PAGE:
While there's no substitute for 80- or 130-pound-class muscle to tame monster marlin and tuna, scaling down one's equipment offers advantages when chasing anything less than granders. Light, easy-to-handle outfits represent no sacrifice in performance and let anglers concentrate on fighting fish rather than struggling against their own tackle.
Jeremy Sweet, reel specialist for Shimano, points out that advances in braided-line technology have spurred the small-reel market. Superbraid's thin diameter means we no longer need reels with very large spools to hold several hundred yards of 50-pound line, for example. "More and more anglers are having fun with stand-up tackle, and braided line allows them the comfort of using a smaller reel. When braided lines first came out, they had a flat shape and tended to dig into themselves on the spool. They weren't much of a pleasure to fish with," he says. "Now braids are round and perform very well. This factor definitely contributes to the growing trend for more robust yet small reels."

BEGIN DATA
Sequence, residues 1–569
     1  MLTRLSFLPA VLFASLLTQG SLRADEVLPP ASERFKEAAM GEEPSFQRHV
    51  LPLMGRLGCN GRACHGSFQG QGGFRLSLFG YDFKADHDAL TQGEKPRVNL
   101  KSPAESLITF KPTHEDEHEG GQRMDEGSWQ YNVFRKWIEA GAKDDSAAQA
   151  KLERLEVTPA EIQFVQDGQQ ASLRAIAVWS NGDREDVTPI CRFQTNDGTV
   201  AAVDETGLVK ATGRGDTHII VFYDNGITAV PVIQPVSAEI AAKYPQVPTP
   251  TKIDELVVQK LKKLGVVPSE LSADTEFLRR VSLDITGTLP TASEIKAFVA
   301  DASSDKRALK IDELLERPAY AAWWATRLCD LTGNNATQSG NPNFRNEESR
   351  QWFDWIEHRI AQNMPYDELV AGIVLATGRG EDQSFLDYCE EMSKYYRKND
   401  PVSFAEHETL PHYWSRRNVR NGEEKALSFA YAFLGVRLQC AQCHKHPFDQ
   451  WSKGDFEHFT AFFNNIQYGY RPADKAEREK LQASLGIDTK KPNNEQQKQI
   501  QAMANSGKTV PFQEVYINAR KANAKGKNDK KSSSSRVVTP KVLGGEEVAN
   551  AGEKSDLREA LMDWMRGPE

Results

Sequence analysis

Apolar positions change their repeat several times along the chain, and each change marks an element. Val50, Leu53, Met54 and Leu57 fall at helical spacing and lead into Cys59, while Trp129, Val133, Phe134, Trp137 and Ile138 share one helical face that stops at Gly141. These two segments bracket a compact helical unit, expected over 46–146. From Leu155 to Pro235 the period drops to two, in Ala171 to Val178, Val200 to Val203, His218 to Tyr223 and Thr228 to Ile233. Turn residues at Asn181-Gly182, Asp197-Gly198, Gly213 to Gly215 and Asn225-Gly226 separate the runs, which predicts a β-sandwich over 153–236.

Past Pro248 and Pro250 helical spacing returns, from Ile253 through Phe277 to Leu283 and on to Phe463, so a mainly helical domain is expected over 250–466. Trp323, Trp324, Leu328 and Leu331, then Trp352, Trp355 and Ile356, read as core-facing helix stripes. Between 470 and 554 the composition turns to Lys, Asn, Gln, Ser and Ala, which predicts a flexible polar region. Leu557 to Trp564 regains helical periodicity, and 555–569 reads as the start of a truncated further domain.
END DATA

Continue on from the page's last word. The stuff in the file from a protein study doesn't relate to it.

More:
Long-recognized names in the tackle industry, as well as relatively new companies, offer a wide range of lever-drag reels in the 20-pound-and-under category. Aluminum bodies provide the strength and rigidity that enable manufacturers to build reels to exact mechanical tolerances. The metal will not flex under pressure, so gears stay aligned and handles turn smoothly when battling stubborn fish on heavy drag settings. Constantly evolving drag materials also deliver stopping power while dissipating heat to ensure smooth operation.
All this technology comes at a cost, however. Metal-bodied reels usually carry higher price tags than graphite models and require regular doses of tender loving care. Shimano's Sweet recommends that owners of aluminum-bodied reels send their tackle to the shop for full teardown maintenance at least once a year.